The composite bed seems harder to justify when metal beds, particularly when sprayed with a polyurethane liner, do the job just fine, but there’s good cause for it. GMC claims the CarbonPro box is stronger than steel yet 62 pounds lighter. Lighter is better, both for fuel economy and for towing and hauling applications where it counts toward gross vehicle weight and gross vehicle combined weight. Naturally rust proof and dent proof, it’s got a lot going for it. That you still get the extra tie-downs and optional 110-volt power outlet the steel beds do is even better.
There’s other equipment here to like, too, even if it’s shared with Chevy. Dynamic Fuel Management, which can shut down any combination of cylinders depending on the situation to improve fuel economy, is completely seamless. I’m a fan of head-up displays when they’re done right, so I like this big, full-color unit. I’m far less enamored with the video camera rearview mirror, which I find distracting due to the forced perspective shift, but I’ll grant it’s useful if you have cargo that a traditional mirror can’t see over in the rear cab or bed.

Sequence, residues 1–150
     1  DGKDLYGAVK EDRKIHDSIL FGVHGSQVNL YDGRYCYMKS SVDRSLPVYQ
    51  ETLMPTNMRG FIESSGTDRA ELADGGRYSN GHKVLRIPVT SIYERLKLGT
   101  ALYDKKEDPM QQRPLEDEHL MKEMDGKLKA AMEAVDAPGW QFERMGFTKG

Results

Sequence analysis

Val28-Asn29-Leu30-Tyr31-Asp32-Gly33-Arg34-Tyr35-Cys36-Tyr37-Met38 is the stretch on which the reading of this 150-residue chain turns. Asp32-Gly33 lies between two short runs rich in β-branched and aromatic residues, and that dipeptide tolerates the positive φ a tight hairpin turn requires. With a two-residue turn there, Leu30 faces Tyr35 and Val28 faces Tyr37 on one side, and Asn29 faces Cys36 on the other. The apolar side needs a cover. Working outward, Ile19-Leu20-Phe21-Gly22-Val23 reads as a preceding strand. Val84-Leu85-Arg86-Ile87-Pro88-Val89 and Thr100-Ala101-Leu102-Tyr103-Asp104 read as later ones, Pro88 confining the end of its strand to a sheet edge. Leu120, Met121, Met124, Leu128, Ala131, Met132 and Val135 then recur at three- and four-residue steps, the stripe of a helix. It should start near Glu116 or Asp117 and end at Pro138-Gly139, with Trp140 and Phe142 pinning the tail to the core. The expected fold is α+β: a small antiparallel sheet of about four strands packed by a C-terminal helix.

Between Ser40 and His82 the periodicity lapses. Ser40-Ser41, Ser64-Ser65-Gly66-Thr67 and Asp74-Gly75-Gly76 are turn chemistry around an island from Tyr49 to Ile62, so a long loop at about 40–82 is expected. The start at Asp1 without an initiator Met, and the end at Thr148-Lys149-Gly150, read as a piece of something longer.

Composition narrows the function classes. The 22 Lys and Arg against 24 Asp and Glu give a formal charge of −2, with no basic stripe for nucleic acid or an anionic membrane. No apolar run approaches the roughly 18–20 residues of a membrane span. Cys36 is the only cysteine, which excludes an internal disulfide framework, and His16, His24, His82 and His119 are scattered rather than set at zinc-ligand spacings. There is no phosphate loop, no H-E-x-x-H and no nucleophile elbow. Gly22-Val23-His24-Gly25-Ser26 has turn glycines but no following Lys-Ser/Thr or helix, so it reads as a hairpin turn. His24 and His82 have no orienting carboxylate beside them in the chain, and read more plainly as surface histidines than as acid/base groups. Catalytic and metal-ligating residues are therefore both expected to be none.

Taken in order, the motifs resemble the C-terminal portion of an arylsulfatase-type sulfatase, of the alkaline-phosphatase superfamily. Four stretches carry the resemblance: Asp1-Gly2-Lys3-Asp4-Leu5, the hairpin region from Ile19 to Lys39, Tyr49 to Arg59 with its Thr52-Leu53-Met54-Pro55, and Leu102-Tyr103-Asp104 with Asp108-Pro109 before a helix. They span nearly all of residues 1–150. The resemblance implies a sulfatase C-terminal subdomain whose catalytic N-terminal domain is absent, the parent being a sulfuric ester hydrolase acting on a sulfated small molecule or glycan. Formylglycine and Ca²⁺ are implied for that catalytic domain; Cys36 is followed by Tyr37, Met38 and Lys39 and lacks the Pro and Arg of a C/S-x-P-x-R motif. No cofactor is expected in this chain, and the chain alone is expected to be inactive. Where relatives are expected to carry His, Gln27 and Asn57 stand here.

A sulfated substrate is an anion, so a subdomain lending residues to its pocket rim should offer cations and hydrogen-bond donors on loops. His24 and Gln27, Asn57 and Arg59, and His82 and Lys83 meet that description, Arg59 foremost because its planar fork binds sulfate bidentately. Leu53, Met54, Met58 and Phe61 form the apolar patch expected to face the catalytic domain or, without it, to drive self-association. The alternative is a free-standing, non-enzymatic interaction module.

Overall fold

If you tow, though, the real hot ticket is in the ProGrade trailering package. The trailer light test is a godsend when you don’t have a helper. It even diagnosed a reverse light problem for us (the trailer didn’t have them). I like it a little better than Ford’s solution because I’m out there visually verifying that the lights all work rather than trusting a graphic on the screen to tell me. The ability of the backup camera to recognize a trailer and automatically bring up guidelines, not to mention automatically setting the parking brake while you connect, is handy, too. We weren’t able to test the trailer tire pressure and temperature monitoring system or the remote trailer camera, but they’re solid ideas.